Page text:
Was your first feature film a success for you personally?

I feel like it was a necessary rite of passage, and it was successful in one way. You know, I think I learned a lot, and I think there’s something to be gleaned from every film. I don’t think about things in a way of was it special or not, because it’s all kind of a moving forward process. Was I happy with it? I think I have grown to appreciate it. When I finished it I felt it’s hard for me to feel proud after I finish a film as I’m seeing all the things that I didn’t do.

Do you think it is easier now to start a career in film?

I think that it’s harder now, but I don’t know if I really believe that. It makes sense if it’s harder now, because you can say the competition is steeper, but I also feel like if the work is really good, it will eventually find its way into the world, and its audience and people that support it.

Do you have any advice for someone just getting out of film school?

I think it’s a really tough call. Do you put it online first, or do you try to go the festival route? I think what you want to do before you make that first feature is make sure that you’ve made a lot of other work. I think that’s really important and often not said enough. You want to have a body of work that is similar to your first feature in some way or that explores ideas and themes or techniques. And you want to put the stuff that you’re proud of online and share it with people and have that stuff really live before you make that first feature film. When you make sure you know yourself as an artist, go to festivals and meet the programmers, and other filmmakers. I’m seeing a lot of people that are starting out continue to do that. Relationships with people that you meet through festivals, big and small, will be important.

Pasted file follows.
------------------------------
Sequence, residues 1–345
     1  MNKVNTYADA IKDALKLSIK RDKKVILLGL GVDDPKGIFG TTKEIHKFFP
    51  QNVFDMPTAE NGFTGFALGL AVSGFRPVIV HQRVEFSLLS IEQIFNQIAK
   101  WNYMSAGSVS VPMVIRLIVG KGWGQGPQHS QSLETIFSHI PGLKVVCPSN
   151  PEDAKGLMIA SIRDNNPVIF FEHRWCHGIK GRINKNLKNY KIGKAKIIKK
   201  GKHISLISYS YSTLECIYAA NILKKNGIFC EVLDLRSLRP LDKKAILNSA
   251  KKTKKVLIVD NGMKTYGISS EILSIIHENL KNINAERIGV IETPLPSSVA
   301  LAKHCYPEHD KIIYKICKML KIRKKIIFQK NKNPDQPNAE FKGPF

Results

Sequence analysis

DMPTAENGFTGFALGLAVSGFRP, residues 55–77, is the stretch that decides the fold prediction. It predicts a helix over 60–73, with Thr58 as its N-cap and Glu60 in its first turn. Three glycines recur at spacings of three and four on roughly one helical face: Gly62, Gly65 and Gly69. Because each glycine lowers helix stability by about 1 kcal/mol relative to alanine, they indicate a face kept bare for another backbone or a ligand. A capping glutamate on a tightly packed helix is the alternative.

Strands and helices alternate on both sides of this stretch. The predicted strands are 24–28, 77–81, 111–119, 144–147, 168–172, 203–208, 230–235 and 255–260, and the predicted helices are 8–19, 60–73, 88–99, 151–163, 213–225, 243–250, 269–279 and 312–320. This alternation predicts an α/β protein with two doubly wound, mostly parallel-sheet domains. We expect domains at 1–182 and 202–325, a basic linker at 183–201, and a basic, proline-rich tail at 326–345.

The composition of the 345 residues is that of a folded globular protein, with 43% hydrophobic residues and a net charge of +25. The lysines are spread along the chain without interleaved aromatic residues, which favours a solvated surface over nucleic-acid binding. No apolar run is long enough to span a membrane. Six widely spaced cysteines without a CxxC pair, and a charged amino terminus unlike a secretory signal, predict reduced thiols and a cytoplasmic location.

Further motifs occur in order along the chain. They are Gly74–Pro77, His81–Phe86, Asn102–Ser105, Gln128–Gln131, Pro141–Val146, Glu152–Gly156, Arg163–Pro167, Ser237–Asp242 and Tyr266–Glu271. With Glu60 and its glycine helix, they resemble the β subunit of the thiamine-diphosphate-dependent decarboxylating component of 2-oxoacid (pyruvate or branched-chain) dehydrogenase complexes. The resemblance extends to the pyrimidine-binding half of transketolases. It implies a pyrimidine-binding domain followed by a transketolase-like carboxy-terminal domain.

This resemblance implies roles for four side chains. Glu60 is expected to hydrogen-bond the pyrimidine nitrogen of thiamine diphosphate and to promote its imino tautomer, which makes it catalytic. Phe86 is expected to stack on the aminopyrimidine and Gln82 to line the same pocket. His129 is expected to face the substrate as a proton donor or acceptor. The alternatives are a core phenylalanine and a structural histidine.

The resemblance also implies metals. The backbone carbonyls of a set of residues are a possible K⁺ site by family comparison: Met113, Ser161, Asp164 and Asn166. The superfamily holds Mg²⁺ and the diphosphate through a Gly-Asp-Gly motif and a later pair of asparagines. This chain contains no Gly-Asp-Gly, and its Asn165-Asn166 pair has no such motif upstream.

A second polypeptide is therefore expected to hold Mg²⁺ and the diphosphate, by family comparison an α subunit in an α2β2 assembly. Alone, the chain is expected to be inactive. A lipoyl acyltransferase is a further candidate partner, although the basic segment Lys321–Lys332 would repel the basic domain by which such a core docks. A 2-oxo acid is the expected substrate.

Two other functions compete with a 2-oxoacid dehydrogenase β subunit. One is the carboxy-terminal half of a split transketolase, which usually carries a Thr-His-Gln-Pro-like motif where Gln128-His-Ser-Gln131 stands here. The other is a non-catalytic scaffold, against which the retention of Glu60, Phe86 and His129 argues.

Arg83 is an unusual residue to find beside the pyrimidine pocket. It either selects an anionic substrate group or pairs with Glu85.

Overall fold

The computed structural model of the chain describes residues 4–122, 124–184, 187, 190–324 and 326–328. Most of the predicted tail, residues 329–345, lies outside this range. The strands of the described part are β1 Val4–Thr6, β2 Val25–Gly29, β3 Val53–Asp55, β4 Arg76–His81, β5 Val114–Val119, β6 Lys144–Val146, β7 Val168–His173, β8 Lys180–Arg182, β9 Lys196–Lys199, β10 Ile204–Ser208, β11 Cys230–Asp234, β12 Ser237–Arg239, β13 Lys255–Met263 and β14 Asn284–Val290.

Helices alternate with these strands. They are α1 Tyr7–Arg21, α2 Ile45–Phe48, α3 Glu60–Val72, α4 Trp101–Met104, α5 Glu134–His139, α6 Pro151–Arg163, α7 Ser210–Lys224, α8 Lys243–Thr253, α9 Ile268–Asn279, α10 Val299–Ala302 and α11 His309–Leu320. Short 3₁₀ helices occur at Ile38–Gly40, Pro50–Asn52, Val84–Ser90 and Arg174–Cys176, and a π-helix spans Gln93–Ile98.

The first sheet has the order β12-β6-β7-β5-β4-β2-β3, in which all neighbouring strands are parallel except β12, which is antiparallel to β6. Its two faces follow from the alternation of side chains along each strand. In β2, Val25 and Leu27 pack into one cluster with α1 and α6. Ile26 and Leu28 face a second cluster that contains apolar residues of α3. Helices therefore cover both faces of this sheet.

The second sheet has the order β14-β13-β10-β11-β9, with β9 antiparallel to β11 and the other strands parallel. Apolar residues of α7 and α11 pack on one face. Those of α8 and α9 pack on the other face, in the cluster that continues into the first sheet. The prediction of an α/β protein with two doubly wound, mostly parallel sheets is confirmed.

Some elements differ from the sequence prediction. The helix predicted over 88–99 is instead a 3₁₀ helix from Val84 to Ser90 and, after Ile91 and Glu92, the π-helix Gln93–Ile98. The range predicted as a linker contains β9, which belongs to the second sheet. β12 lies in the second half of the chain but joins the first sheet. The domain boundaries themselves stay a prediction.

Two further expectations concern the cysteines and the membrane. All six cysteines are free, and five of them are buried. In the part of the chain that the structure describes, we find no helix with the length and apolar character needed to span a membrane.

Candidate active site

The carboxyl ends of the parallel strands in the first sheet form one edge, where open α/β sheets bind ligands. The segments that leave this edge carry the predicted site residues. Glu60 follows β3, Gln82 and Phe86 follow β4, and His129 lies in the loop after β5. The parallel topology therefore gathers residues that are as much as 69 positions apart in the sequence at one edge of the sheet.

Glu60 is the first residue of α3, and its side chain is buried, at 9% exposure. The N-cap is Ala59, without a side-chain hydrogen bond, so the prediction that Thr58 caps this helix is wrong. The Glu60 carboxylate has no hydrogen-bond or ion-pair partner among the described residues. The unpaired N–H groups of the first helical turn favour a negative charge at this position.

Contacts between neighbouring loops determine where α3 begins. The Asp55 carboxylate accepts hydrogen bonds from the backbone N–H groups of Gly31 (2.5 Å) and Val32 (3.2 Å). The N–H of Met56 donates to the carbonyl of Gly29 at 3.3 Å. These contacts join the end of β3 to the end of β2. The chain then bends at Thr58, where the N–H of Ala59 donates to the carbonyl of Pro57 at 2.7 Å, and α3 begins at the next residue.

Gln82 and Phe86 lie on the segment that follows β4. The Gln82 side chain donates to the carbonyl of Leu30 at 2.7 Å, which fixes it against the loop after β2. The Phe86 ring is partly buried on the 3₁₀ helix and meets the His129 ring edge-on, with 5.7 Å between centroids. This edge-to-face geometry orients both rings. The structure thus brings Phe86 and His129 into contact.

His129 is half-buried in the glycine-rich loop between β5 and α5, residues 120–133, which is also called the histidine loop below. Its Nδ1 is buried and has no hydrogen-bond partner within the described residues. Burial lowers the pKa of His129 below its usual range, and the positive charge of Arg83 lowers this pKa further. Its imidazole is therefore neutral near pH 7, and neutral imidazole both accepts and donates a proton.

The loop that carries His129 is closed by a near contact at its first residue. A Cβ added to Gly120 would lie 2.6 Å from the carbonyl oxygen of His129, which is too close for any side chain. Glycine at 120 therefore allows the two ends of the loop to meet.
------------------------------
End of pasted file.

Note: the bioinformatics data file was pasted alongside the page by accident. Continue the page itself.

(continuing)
Who influenced your visual style?

Ingmar Bergman was a huge influence for me. Watching Through a Glass Darkly, Persona, and Cries and Whispers, I was just kind of riveted by the characters and the visuals and the sets. I grew up on Scorsese, too. Antonioni and the French new wave were all the first films that I saw where I was like “Oh, this is something really different” and where I became conscience of film as a medium that was meant to be artistic expression.

How did you discover these directors?

Amir told me about them. He basically told me to watch directors in consecutive order. Like Truffaut and Hitchcock and Asian cinema, and then I would come back to his house after I watched all these videos. He would lend me DVDs and VHS that he had, and then I would watch them and talk to him about them, and he would ask “What did you like?” or “Why didn’t you like it?” and “What was your favorite moment?” and all of that stuff. It was really helpful. It was like my film school.

Was Nobody Walks an independent film or a studio film?

It was an independent film. Jonathan Schwartz financed it.

How was that experience different from your first feature?

It was great, because I didn’t have to wear twenty thousand hats. It wasn’t as physically labor intensive as my first film. Working with professional actors is a huge difference as well, but besides that, it’s not that different.

I assume there were a lot more people to answer to on set. Did you have to deal with that kind of pressure?